Scientists receive research grant to study climate change impacts on vector-borne diseases

A new 5 year multi-institutional collaborative research grant of $1.85 million funded by the National Science Foundation’s Ecology and Evolution of Infectious Diseases (NSF EEID) program will support research on the effect of temperature on 13 different diseases transmitted by insects. It will also measure the capacity for two common disease-carrying mosquitoes in the Americas to adapt to new (or changing) temperatures.

Many of the world’s most devastating and neglected infectious diseases are spread to people by mosquitoes and other insects. Malaria, a mosquito-transmitted parasite, kills over 650,000 people each year. Dengue fever, an incurable mosquito-borne disease caused by the dengue virus, infects around 400 million people annually, a rate which has grown dramatically in recent decades. With limited options for medical treatment or vaccination, preventing infection is the best way to control these diseases. This approach requires understanding—and predicting—how the climate affects mosquitoes and the diseases they carry.

“If we want to predict the spread of mosquito-transmitted diseases, we have to learn how these insects and pathogens respond to the environment and changing climate,” says Dr. Sadie Ryan, Assistant Professor of Medical Geography at the University of Florida and co-principal investigator on the project. “We will improve on our existing predictive models by validating them with real data. Integrating field data on local conditions with mapped model predictions will enable us to understand the multiscalar dynamics of climate-disease relationships.”

Dr. Ryan (UF) and Dr. Anna Stewart Ibarra, Assistant Professor of Medicine at SUNY-Upstate Medical University will launch a new field project component in Ecuador. They will be adding new sites to their previous collaborative research on climate-dengue dynamics, starting the first of five years supported under this grant, with the onset of the coming dengue season.

“This is a critical component of the research,” says Dr. Stewart Ibarra, leader of the Ecuador field team. “Testing new and existing models on the ground in dengue-endemic areas will be a big step towards improving the science behind vector control and public health.”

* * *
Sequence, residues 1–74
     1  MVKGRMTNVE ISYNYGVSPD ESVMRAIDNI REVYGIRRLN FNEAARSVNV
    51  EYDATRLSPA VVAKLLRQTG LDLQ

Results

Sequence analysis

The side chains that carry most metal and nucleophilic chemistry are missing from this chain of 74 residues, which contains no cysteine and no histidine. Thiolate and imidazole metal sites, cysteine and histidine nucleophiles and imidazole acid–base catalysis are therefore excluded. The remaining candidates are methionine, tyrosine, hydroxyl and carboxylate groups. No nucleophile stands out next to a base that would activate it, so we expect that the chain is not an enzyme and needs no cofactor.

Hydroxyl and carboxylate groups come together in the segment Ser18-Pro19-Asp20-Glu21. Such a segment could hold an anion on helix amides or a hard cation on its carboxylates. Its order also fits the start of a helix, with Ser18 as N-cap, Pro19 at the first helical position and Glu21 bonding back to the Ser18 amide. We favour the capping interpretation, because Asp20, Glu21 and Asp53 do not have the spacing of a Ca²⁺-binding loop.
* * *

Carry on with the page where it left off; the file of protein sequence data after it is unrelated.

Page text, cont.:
The collaborative research team includes experts in epidemiology, public health, ecology, entomology, mathematical modeling, and geography: co-principal investigator Sadie Ryan (University of Florida), lead investigator Erin Mordecai (Stanford University), Anna Stewart Ibarra (SUNY Upstate Medical University), Matt Thomas (Penn State University), Leah Johnson and Jason Rohr (University of South Florida), Van Savage (UCLA), Marco Neira (Catholic University of Quito), and other collaborators in Ecuador. The work expands upon Dr. Ryan’s prior work at the National Center for Ecological Analysis and Synthesis at the University of California, Santa Barbara and the Center for Global Health & Translational Science at SUNY-Upstate Medical University.

The team will begin work this year to develop temperature-sensitive transmission models and fit them with data from published sources for 13 vector-borne diseases: vivax malaria, trypanosomiasis, dengue, chikungunya, yellow fever, West Nile, Eastern equine encephalitis, Western equine encephalitis, St. Louis encephalitis, Rift Valley fever, Ockelbo (Sindbis) disease, Ross River fever, and bluetongue. By studying this suite of diseases, the team hopes to uncover general patterns of temperature responses across multiple insects and pathogens.

See the NSF press release for more information on the newly funded projects in the Ecology and Evolution of Infectious Diseases Program, a joint program of the U.S. National Science Foundation, U.S. National Institutes of Health, U.S. Department of Agriculture, and U.K. Biotechnology and Biological Sciences Research Council.